On Android, once you’ve enabled picture-in-picture in Settings, you can open Netflix (or another video app), start watching a video and then switch to another app. The video will keep playing in picture-in-picture mode.

 

Play Music on Your TV

You can play music through your smart TV’s sound system as you do on a portable Bluetooth speaker. Start by going into your phone’s settings and choosing Bluetooth, then put your sound bar in pairing mode (by pressing a button on the speaker or remote—it varies) and choose it from the list of devices on the Bluetooth settings screen. You’ll be hearing your playlist in seconds.

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Save Money on Office Software

You don’t have to pay for Microsoft Office to get powerful office software. On a Mac, iPad or iPhone, you can use Apple’s free iWork suite, with Pages (word processing, like Microsoft Word), Numbers (spreadsheets, like Excel) and Keynote (presentation software, like PowerPoint). These apps may come preloaded on your device, or you can download them free from the App Store.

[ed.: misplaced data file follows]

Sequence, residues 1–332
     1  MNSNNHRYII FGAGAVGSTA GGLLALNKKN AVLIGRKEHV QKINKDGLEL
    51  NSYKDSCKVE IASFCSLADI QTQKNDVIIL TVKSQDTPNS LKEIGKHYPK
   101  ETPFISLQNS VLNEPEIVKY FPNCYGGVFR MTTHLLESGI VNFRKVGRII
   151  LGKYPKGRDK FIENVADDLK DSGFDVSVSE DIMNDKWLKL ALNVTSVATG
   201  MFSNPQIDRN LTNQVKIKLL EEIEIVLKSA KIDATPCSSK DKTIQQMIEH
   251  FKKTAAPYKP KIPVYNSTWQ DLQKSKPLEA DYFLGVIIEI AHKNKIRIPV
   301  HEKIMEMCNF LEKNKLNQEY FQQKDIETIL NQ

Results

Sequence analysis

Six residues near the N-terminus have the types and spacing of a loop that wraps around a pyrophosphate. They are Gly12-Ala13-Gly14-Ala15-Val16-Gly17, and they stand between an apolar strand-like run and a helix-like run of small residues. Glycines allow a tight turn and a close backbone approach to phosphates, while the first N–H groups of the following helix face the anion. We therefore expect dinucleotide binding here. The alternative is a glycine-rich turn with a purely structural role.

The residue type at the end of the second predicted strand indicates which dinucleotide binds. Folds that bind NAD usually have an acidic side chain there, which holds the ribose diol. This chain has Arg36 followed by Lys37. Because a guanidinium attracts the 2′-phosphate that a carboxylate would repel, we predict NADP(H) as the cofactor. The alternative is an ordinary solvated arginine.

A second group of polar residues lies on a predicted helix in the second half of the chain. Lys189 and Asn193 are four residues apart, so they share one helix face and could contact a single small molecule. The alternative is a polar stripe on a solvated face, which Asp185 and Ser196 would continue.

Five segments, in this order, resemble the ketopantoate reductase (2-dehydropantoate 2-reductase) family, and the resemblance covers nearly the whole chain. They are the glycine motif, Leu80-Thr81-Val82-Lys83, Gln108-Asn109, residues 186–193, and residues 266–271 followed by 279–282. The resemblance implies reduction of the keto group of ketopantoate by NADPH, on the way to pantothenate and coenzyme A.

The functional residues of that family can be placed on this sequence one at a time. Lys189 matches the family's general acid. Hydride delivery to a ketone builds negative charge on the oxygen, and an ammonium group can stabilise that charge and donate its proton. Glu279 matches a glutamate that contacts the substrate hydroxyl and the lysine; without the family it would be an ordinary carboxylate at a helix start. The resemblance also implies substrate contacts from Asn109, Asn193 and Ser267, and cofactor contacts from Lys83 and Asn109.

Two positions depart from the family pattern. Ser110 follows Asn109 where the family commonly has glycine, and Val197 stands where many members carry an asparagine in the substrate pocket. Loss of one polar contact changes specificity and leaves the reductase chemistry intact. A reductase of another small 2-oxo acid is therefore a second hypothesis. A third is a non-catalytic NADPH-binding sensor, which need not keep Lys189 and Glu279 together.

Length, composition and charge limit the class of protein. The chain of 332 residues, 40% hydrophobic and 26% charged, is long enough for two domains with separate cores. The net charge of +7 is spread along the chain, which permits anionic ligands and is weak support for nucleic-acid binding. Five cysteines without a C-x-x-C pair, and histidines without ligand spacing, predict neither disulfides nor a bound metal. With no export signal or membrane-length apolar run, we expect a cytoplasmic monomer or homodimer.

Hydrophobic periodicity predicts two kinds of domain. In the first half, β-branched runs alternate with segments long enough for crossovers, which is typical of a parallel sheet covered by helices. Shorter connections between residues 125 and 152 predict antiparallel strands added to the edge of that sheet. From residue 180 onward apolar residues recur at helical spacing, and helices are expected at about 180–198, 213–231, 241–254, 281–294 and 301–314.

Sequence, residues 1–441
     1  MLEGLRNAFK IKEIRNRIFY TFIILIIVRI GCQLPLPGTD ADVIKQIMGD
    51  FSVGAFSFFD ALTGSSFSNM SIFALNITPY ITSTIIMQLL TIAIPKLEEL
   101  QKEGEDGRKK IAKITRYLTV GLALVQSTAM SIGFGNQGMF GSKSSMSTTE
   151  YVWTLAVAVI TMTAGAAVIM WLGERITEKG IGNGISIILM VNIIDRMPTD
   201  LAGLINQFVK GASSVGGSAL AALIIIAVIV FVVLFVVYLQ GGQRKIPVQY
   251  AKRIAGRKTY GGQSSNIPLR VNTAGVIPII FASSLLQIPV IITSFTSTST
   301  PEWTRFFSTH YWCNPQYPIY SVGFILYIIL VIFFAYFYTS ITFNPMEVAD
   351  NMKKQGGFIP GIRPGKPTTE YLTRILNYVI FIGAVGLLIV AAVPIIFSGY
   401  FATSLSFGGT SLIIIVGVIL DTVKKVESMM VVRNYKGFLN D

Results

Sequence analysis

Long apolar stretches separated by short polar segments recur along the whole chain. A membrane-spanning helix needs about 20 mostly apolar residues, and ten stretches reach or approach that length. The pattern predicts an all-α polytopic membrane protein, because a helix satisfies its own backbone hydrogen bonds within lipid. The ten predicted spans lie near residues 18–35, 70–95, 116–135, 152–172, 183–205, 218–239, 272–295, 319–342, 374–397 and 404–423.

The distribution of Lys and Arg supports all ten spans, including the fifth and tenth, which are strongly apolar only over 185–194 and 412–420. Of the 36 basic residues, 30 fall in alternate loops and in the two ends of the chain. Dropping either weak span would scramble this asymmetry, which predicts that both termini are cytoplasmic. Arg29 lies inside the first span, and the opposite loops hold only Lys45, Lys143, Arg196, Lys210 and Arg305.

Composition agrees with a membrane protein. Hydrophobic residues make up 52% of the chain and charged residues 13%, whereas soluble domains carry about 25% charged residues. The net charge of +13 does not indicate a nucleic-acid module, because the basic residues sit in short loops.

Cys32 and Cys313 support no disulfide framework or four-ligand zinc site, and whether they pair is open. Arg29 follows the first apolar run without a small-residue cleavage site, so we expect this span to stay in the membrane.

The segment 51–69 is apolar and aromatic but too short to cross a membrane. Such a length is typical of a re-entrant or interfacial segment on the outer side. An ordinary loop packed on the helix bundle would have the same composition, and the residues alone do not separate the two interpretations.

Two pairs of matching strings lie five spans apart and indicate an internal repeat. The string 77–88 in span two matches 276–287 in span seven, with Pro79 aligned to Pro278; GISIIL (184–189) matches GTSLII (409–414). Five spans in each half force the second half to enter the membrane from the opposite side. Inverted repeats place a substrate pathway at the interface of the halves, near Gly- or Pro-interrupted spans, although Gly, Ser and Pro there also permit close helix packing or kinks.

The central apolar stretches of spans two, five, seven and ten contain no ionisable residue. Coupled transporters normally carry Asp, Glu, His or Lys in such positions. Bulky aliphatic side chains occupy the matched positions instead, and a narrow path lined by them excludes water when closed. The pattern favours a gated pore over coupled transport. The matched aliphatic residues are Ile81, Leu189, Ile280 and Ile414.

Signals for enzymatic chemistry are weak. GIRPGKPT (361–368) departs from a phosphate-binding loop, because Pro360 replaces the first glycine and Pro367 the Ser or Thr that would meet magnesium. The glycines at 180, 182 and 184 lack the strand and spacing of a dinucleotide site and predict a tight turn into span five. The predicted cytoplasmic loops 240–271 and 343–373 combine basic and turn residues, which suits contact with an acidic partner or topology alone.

On a Windows PC, you can use web-based versions of Microsoft Office (now called Microsoft 365) applications in a web browser. You get surprisingly full-featured versions of Word, Excel and PowerPoint. Just head to office.com or microsoft365.com and sign in with a Microsoft account to get started.

Watch Your Show in Every Room

Jared Newman, who writes the Cord Cutter Weekly newsletter, recommends using the same streaming platform on all your TVs. For example, if you have a Roku in one room, use Roku in your other rooms too. That way, you can quickly resume whatever you were last watching and get the same recommendations, all from your streaming device’s dashboard.

Stream Your Shows in a Hotel